Physiologically, the KATP channel is regulated by changes in cytosolic adenine nucleotides, which thereby couple cell metabolism to channel activity. Thus, a key issue is to obtain a detailed understanding of the mechanism underlying this regulation. Because ATP binding to SUR1 requires Mg2+ whereas that to Kir6.2 does not (Gribble et al. 1998), the effects of ATP on Kir6.2 can be isolated by using Mg-free solutions. A more difficult task is to determine the effects of interactions of Mg-nucleotides with the NBDs of SUR1. One way to do this is to take advantage of mutations that abolish ATP binding to Kir6.2 without affecting any other channel properties: for example, G334D (Drain et al. 1998).
There is also evidence that Kir6.2 affects SUR1 function. One of the canonical functions of ABC proteins is that they hydrolyse MgATP. This is also true of SUR1 (Matsuo et al. 1999; Masia et al. 2005; de Wet et al. 2007a). However, the Km for ATP hydrolysis is increased when Kir6.2 is present (from 0.1 to 0.3 mM for SUR1 and KATP, respectively), indicating a lower affinity for the KATP channel complex (Mikhailov et al. 2005; de Wet et al. 2007a). The turnover rate of the purified KATP channel complex is also approximately 10-fold higher than that of purified SUR1. The activity of other ABC transporters, including the closely related MRP1 (Mao et al. 1999), is stimulated by their substrates, and it is possible that the mechanism by which Kir6.2 enhance the ATPase activity of SUR1 resembles this substrate activation. Interestingly, K-channel openers enhance the ATPase activity of SUR2A in cardiac membranes (Bienengraeber et al. 2000). However, we have not been able to observe modulation of the ATPase activity of purified SUR1 by either diazoxide or glibenclamide (H. de Wet and F.M. Ashcroft, unpublished).
5. How does SUR1 talk to Kir6.2?
As outlined above, SUR1 has many regulatory effects on Kir6.2 (and vice versa). Much uncertainty, however, still surrounds the molecular mechanisms underlying the interactions between these two proteins. The picture is complicated by the fact that there are several sites involved in both proteins and that different sites have been associated with different effects on channel function.
Physical interactions between SUR1 and Kir6.2 have been demonstrated both in co-immunoprecipitation studies (Lorenz et al. 1998; Chan et al. 2003) and by the requirement for both proteins for surface expression (Zerangue et al. 1999). Several regions of SUR1 and Kir6.2 appear to be involved. For example, interaction between the TMs of SUR1 and the first TM of Kir6.2 (Schwappach et al. 2000) are required for membrane trafficking, as are interactions of TMD0 with Kir6.2 (Chan et al. 2003). Co-immunoprecipitation (but not necessarily surface trafficking) is abolished by mutation of F132L in CL2 (Proks et al. 2006a) and of Y195E at the start of CL3 (figure 2).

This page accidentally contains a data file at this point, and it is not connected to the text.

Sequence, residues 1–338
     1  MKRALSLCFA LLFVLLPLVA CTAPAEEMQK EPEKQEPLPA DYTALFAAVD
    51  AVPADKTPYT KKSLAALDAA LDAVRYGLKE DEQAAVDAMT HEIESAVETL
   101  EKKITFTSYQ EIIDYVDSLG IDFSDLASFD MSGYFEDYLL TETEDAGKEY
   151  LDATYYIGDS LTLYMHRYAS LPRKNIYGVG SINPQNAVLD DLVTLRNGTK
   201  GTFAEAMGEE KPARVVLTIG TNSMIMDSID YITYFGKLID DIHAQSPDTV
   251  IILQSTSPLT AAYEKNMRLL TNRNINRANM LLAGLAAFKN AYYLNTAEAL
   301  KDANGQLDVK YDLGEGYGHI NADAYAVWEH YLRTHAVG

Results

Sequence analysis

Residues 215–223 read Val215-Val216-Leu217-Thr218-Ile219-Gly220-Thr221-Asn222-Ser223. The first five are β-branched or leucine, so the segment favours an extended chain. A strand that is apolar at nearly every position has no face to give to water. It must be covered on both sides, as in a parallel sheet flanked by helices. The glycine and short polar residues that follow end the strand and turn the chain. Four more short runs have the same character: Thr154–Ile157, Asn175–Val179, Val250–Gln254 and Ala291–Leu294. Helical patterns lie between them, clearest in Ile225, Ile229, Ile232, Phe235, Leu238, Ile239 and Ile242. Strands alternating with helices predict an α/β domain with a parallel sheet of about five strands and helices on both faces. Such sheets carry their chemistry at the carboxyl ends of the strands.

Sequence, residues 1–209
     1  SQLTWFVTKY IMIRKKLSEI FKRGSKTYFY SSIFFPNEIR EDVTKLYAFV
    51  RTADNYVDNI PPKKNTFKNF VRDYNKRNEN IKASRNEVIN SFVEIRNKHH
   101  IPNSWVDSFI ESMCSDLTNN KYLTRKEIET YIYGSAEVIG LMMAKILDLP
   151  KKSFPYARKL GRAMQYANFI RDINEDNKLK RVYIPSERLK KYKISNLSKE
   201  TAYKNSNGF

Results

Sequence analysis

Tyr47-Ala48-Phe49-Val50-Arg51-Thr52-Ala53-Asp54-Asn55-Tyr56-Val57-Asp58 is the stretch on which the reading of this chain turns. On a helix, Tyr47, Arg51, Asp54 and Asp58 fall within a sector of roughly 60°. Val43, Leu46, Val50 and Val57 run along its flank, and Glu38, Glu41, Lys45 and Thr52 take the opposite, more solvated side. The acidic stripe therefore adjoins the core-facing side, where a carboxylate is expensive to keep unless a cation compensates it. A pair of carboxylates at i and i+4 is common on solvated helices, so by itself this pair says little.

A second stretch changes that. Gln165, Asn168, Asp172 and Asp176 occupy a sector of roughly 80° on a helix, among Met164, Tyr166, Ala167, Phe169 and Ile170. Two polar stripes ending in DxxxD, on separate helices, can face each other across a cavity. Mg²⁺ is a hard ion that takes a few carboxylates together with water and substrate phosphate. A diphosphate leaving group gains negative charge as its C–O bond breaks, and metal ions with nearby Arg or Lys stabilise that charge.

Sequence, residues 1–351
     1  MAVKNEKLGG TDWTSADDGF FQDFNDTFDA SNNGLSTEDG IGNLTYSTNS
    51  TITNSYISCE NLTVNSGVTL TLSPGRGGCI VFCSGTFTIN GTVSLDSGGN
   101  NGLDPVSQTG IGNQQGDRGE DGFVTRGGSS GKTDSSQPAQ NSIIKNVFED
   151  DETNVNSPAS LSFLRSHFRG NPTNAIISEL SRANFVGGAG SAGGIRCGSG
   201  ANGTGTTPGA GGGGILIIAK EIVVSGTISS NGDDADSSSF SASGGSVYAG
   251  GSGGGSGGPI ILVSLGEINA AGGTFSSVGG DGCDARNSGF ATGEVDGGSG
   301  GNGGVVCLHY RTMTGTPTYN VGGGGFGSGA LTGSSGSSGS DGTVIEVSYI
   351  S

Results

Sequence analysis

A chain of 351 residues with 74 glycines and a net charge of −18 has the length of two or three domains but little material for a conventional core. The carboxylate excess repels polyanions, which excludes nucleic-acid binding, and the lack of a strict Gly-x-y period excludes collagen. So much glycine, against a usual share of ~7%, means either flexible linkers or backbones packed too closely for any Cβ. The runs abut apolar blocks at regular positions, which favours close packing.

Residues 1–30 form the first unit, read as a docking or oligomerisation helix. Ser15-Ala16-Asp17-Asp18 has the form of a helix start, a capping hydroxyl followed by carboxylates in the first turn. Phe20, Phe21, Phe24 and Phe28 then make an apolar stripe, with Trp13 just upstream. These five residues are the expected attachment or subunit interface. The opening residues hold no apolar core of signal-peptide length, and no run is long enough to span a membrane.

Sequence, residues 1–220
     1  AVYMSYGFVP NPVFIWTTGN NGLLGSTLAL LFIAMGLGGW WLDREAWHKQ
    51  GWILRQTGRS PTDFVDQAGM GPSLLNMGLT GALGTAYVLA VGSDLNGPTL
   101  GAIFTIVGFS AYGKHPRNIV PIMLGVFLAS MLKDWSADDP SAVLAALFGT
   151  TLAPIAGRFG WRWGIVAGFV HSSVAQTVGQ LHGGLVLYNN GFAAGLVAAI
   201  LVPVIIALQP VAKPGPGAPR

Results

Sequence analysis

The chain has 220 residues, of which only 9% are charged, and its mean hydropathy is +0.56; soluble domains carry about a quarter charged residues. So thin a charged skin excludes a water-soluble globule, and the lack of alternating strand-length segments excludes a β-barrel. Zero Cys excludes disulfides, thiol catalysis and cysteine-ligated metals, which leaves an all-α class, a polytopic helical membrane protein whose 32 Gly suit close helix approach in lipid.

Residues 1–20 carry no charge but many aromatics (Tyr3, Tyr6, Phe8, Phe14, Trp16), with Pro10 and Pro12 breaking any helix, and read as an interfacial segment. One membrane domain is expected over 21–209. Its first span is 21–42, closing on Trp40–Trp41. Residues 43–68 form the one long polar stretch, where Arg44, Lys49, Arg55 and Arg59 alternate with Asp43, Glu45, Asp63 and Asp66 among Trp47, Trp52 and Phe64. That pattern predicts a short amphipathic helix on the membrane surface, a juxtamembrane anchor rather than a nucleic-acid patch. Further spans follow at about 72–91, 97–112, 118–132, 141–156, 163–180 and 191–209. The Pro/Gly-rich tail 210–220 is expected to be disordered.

TMD0 and CL3 of SUR1 are sufficient to regulate the intrinsic (ligand-independent) gating of Kir6.2, as demonstrated by the fact that the coexpression of Kir6.2ΔC with TMD0 modulates gating, increasing the channel open probability (Po) from approximately 0.1 to approximately 0.6 (Babenko & Bryan 2003; Proks et al. 2007). TMD0 is also responsible for the different kinetics of channels containing different SUR isoforms (Babenko et al. 1999). There are clearly several different interactions between Kir6.2 and TMD0/CL3 that mediate the modulation of Kir6.2 gating by SUR1. For example, the F132L mutation in SUR1 disrupts the physical binding of Kir6.2 and TMD0 (Proks et al. 2007). However, it also increases Po. This indicates that the F132L mutation must disrupt an inhibitory interaction between Kir6.2 and TMD0, leaving a stimulatory interaction intact. Similar findings have been reported for CL3: coexpression of Kir6.2ΔC with TMD0 plus increasing lengths of CL3 first increases and then decreases Po (Babenko & Bryan 2003). This implies that there are multiple binding sites within CL3 that have different effects on channel gating. Whether or not Mg-nucleotides and/or drugs that interact with SUR1 also mediate their effects on KATP channel Po via interaction of TMD0/CL3 and Kir6.2 is unknown.
There also appear to be many sites on Kir6.2 that interact with SUR1. Deletion of as few as five residues in the N-terminus of Kir6.2 enhances the intrinsic Po, but only in the presence of SUR1, suggesting that these residues may interact with SUR1 (Reimann et al. 1999; Koster et al. 2000). Single-point mutations in both the N-terminus (F35V, Q52R) and the C-terminus (Y330C) of Kir6.2 have the same effect (Tammaro et al. 2005, 2006; Proks et al. 2006b). These residues lie close to one another in a structural model of Kir6.2 (Haider et al. 2005), which raises the possibility that these regions of Kir6.2 interact with SUR1.
6. When regulation fails: SUR1 mutations and disease